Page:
PANAMA CITY BEACH, Fla. — On Monday, a young girl got caught in a rip current near the Fontainebleau vacation rental building. Thankfully, one city employee was in the right place at the right time.
Bobby Bland, PCB street superintendent, had been temporarily assigned to patrol the beaches to enforce coronavirus guidelines. He had not even parked for five minutes on a break when he heard someone screaming for help. He looked out into the water and saw an 11 or 12-year-old girl about 150 yards out floundering in the water.
“Somebody’s little girl was in trouble and I just, I didn’t think, I just went, ” Bland said. “I would assume anybody would have done the same thing. If you could hear her screaming you would have just went on.”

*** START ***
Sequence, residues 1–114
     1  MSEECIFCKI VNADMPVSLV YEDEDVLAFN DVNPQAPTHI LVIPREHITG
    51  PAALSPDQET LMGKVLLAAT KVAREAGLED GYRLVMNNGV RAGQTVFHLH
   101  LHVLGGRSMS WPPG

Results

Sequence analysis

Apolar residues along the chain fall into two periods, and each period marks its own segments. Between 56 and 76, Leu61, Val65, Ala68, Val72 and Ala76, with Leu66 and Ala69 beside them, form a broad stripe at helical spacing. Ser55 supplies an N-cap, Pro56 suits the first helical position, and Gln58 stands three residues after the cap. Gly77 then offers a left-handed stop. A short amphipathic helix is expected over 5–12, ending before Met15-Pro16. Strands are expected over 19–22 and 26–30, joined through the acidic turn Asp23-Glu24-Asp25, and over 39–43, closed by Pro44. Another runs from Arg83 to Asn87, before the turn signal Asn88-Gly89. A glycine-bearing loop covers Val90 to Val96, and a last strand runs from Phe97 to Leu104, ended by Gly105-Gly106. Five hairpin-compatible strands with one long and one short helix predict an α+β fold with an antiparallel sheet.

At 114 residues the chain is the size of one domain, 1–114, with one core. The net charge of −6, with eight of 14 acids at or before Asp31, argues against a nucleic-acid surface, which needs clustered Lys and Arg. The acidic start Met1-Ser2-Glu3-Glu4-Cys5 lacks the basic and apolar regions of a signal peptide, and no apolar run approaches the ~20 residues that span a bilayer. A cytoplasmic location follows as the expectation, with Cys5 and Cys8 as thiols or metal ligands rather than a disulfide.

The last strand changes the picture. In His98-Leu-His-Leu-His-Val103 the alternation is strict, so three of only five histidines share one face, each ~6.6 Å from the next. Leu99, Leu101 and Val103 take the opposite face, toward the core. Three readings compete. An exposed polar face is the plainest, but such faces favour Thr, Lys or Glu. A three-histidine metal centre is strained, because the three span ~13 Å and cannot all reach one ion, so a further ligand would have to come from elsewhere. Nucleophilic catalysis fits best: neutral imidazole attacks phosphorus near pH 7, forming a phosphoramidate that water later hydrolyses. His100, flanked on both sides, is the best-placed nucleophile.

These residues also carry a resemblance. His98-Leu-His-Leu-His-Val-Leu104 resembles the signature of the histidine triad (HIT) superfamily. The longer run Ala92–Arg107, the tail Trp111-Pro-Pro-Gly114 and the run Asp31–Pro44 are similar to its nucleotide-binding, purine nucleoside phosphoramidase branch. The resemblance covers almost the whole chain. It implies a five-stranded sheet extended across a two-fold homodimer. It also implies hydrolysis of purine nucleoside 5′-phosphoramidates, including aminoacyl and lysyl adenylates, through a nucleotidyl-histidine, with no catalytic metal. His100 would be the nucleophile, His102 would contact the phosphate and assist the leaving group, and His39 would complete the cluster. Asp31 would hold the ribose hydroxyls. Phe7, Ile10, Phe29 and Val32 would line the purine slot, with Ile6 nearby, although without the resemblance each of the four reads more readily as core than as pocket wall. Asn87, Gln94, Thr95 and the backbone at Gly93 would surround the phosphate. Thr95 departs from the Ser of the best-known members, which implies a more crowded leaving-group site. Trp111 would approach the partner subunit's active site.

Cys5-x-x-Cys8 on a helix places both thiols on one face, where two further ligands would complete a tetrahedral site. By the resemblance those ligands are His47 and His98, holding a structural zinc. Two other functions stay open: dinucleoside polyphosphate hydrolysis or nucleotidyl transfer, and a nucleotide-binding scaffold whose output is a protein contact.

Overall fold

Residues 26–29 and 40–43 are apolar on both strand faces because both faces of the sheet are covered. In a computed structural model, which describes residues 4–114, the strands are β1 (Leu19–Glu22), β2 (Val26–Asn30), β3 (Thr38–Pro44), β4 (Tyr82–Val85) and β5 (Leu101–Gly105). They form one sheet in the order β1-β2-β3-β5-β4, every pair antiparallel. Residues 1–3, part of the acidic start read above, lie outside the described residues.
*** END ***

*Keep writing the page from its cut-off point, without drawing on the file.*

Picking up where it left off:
Bland said he and another man worked together to pull her out of the water. Bland said the riptide dragged the girl 400 yards from where she originally was with her family.
“About 30 minutes later, when everything calmed down, she came back over and gave me a hug,” Bland said.” I just told her, ‘be careful.'”
He added that it was a red flag day. PCB officials continue to advise swimmers to heed the flag system warning, referring to rip tide as “silent killers,” with those who get caught it them at the ocean’s mercy.
Rip currents kill approximately 100 people annually along the east, west and Gulf coasts of the U.S.
News 13 reported that Walton County saw one drowning death over Memorial Day weekend and Panama City saw one earlier this month.